What Not to Do Before Filing for Chapter 7: Pre-Bankruptcy Planning
When people are overwhelmed with staggering credit card bills, foreclosure notices and other financial obligations, they often look to bankruptcy to protect their family home and avoid wage garnishments or bank account levies. Although a Chapter 7 or Chapter 13 bankruptcy can extricate you from a mountain of unsecured debt, the actions you take prior to filing bankruptcy can result in a dismissal of your bankruptcy or even expose you to charges of bankruptcy fraud.
The urge to give your boat to a family member or to engage in sham transactions where you sell your motorhome to friends for a dollar is understandable. While it is permissible to engage in pre-bankruptcy planning and asset protection, this must be done carefully to avoid having the transaction undone by the bankruptcy trustee and/or avoid potential bankruptcy fraud allegations.
The U.S. Bankruptcy Code creates a look back period that permits the bankruptcy trustee to analyze all transfers of assets, money and property within two years of filing a petition for a Chapter 7 bankruptcy. This period is called the bankruptcy “look back period," which is actually six years under New York state law. These transactions may be carefully analyzed if the asset is transferred to an insider, such as a family member, friend, business associate or business entity in which the debtor has a financial interest. The bankruptcy trustee also will scrutinize transactions during the look back period when an asset is transferred for less than market value.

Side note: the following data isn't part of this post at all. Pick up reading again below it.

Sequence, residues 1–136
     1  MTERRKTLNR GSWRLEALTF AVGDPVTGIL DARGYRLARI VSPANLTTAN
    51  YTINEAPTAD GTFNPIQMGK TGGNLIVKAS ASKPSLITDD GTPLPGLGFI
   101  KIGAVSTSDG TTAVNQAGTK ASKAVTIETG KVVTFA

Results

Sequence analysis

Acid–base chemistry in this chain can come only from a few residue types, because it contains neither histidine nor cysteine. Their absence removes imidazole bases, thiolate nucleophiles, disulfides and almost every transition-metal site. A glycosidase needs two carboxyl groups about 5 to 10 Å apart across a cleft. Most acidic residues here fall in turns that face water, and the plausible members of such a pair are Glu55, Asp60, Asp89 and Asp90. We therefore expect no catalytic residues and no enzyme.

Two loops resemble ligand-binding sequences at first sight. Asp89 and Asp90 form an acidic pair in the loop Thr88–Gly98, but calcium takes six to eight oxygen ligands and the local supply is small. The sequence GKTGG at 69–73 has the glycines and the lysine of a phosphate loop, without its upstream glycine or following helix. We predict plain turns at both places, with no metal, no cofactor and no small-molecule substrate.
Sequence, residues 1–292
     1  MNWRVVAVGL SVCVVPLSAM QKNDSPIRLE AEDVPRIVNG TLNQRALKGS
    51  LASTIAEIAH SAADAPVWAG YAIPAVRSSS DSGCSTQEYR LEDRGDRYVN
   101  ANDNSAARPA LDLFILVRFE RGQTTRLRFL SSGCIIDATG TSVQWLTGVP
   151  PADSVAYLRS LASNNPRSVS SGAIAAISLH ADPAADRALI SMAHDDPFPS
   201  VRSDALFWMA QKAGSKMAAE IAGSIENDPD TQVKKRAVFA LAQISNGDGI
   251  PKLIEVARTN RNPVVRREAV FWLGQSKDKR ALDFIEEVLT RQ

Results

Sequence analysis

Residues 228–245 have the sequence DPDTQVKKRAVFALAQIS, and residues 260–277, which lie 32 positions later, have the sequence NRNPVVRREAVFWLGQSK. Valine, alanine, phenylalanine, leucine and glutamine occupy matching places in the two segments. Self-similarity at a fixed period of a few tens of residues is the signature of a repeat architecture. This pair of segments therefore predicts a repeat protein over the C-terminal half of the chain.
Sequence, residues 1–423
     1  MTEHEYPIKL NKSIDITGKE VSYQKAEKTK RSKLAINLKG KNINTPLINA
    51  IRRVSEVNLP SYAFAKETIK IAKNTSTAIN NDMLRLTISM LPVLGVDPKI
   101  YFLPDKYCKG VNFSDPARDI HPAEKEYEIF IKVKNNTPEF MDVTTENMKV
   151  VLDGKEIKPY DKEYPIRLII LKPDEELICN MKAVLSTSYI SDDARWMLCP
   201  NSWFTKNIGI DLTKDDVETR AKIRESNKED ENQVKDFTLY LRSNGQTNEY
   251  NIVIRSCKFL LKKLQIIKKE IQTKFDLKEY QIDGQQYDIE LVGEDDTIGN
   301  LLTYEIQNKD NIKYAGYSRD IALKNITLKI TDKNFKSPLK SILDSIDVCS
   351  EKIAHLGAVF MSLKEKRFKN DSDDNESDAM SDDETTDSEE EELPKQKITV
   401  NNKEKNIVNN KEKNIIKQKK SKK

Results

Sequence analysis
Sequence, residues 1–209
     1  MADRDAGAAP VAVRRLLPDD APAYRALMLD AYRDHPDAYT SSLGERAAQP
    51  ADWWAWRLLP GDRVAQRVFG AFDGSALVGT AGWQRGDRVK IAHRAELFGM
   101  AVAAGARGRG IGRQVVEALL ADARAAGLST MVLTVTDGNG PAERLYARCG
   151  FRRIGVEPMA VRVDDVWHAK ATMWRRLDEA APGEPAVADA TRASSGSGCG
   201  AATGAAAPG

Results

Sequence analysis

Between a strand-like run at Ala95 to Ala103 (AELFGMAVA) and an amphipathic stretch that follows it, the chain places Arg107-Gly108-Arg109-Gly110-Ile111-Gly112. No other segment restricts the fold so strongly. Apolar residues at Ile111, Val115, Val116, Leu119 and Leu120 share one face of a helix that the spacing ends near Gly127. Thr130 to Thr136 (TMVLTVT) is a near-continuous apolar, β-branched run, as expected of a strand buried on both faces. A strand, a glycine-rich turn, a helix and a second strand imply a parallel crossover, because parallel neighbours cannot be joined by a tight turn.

If a transaction is determined to have been made to delay payment or defraud a creditor, the trustee may seek penalties against the debtor and seek to reverse the transaction as a fraudulent transfer. When a bankruptcy trustee determines a transaction was fraudulent, the trustee may sue to “unwind" the transaction so that the asset is returned to the bankruptcy estate and made available to pay creditors.
Effective pre-bankruptcy planning can avoid allegations of bankruptcy fraud and the risk of having transactions reversed by the trustee. The Bankruptcy Code provides many exemptions that experienced bankruptcy attorney may use to protect clients’ property. Appropriate pre-bankruptcy planning involves maximizing use of available exemptions, including converting unprotected assets into those that are not subject to distribution to creditors.
When you have assets of substantial value like real estate, motor vehicles, boats and other similar assets that cannot be converted into exempt assets, delaying filing a Chapter 7 bankruptcy maybe be advisable if the transaction is close enough to the six year look back period. If this is not a feasible option, you may still file a Chapter 13 bankruptcy, which will allow you to continue paying for the asset as part of your Chapter 13 bankruptcy payment plan of a term of 3 or 5 years.